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Racing industry trade shows won't conflict in 2010

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The Performance Racing Industry Show has set its 2010 dates for Dec. 9-11. That means the International Motorsports Industry Show held in Indianapolis will have Dec. 1-3 to itself.

Motorsports industry sources had speculated earlier this month that officials for the PRI show, which will be in Orlando next year, might move to overlap dates with the local show in an attempt to squash it before it grows too big.

IMIS was started by NASCAR driver Tony Stewart and other local partners to counter the loss of PRI, which was one of the city’s largest conventions before it ran out of space and left Indianapolis after its 2004 show.

Stewart

IMIS was bigger in its first event this year than organizers anticipated, and they are promising significant growth next year and beyond.

The show held in the Indiana Convention Center will grow from 113,000 square feet of exhibit space in 2009 to 245,000 square feet in 2010, organizers said. The event will expand from two to three days and the number of exhibitors will grow from to 346 in 2009 to 450 next year.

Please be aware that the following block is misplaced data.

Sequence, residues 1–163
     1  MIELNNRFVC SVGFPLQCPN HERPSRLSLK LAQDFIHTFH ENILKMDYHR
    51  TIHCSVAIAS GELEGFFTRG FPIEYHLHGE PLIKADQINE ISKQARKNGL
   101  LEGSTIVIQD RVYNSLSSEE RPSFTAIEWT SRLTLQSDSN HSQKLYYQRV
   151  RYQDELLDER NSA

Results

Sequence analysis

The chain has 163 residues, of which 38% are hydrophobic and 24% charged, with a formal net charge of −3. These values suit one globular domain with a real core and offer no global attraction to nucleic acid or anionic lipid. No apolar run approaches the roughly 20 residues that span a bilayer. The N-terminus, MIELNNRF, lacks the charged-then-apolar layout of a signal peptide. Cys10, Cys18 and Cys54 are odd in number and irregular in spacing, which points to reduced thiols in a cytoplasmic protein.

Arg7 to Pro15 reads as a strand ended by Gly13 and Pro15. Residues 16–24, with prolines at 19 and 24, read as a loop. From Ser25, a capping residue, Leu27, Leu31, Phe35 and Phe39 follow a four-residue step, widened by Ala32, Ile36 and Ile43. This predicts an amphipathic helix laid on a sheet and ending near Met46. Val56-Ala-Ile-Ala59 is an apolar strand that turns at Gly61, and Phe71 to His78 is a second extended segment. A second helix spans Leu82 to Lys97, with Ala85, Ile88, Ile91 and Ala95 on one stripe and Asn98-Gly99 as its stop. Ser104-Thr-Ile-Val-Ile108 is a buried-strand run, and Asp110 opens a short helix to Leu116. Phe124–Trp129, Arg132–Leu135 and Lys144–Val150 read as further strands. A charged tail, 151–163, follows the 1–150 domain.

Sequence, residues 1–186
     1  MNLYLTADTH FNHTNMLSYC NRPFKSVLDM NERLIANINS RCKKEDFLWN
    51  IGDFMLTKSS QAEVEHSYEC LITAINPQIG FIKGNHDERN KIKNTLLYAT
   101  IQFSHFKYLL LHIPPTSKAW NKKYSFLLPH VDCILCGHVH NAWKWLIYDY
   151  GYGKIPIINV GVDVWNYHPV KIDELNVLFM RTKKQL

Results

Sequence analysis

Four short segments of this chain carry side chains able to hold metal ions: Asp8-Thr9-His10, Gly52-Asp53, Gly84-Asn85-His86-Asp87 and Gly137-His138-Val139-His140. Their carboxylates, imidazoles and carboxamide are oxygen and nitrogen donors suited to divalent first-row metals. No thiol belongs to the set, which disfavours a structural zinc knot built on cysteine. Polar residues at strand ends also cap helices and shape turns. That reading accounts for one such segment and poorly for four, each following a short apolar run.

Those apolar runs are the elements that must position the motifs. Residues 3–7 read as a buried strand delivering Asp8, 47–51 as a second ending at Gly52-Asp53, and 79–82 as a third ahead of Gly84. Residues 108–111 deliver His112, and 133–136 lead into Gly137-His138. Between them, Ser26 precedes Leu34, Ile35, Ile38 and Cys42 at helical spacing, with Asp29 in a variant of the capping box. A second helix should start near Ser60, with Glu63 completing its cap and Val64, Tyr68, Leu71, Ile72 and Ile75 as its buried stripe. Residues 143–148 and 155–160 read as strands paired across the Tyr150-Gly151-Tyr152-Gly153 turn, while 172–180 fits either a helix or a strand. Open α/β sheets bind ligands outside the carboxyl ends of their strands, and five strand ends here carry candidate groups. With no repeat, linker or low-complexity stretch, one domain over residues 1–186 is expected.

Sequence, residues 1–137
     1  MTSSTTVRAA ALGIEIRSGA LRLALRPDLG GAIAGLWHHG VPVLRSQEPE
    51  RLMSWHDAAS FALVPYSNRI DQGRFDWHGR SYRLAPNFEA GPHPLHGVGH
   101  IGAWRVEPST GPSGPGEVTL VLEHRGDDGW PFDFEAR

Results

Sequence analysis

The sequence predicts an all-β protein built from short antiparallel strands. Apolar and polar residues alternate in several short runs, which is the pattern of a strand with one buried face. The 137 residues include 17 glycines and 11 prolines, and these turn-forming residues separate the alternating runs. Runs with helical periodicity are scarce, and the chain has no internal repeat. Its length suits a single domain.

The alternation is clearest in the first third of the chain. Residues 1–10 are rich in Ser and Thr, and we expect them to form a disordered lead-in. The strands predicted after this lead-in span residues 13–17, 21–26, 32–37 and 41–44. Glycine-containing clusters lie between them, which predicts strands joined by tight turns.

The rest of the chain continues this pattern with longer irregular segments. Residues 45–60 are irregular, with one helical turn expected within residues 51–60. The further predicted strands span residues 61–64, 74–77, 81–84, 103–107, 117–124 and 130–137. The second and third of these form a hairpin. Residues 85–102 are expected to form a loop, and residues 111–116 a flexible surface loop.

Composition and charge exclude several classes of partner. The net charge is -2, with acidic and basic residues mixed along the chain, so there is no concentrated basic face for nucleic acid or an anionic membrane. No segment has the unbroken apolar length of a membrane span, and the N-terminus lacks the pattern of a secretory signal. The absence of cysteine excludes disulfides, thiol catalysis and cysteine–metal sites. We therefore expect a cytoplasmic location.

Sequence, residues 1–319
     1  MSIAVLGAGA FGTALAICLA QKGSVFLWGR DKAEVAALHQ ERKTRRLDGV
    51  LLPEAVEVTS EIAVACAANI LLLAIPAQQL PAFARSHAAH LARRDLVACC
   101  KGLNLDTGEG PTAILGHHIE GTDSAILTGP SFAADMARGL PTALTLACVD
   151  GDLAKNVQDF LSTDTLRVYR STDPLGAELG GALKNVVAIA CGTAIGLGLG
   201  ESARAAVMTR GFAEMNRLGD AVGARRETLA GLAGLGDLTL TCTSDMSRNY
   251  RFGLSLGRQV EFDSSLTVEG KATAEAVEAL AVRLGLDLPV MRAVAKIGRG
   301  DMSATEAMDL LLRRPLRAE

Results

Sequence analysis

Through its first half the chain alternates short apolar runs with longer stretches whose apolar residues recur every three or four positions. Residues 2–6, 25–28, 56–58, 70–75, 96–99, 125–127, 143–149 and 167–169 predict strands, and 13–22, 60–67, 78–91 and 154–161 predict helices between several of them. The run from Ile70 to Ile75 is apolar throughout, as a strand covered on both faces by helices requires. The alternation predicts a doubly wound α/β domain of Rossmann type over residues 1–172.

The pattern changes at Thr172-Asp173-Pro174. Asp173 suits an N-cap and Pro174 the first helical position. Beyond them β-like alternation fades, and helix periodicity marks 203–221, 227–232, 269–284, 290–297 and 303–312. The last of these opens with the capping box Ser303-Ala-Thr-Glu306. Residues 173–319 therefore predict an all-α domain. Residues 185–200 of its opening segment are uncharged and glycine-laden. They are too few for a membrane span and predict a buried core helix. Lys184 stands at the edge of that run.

IMIS drew 10,348 paying attendees, over 2,000 more than expected this year, and event organizers project 18,000 will attend in 2010.

The PRI show had 38,000 attendees this year, according to the California-based company that runs the show, which is down from 40,000 in 2008.

Still, PRI spokesman John Kilroy said PRI officials have no fear the IMIS will erode their business. He added that IMIS’ dates had no bearing on the dates of the 2010 PRI Show.

“There’s only one PRI Show, and there’s nothing else like it,” Kilroy said. “There are a lot of regional shows, but there’s only one place you can go to reach the number and quality of buyers that you can at the PRI show, and that’s the PRI show.”

Despite seeing a decrease in attendance and exhibitors in 2009, everything is pointing up for 2010, Kilroy said.

 

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  • IMIS and PRI
    Our experience is that IMIS and PRI did not conflict as regards attendees in 2009. Both shows were very well attended. It seems that the attendees at IMIS would, for the most part, not have attended PRI. The LAST thing that motorsport suppliers need is to make a decision as to which show to attend. Many of us could not handle both. If show managements are smart, they'll put exhibitors first instead of themselves, and schedule with no overlap, instead of putting us in a crunch in an attempt to eliminate the other show. Compete, ok, but not to the detriment of those who pay the bills.
  • IMIS and PRI
    Our experience is that IMIS and PRI did not conflict as regards attendees in 2009. Both shows were very well attended. It seems that the attendees at IMIS would, for the most part, not have attended PRI. The LAST thing that motorsport suppliers need is to make a decision as to which show to attend. Many of us could nopt handle both. If show managements are smart, they'll put exhibitors first instead of themselves, and schedule with no overlap, instead of putting us in a crunch in an attempt to eliminate the other show. Compete, ok, but not to the detriment of those who pay the bills.

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